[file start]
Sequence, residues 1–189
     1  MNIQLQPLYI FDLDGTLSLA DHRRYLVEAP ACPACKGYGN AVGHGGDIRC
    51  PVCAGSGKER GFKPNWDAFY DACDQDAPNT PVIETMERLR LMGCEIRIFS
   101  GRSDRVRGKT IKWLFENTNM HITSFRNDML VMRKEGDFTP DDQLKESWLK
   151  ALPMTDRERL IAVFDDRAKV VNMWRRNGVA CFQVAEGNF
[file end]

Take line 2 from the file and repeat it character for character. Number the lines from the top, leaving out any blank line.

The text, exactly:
     1  MNIQLQPLYI FDLDGTLSLA DHRRYLVEAP ACPACKGYGN AVGHGGDIRC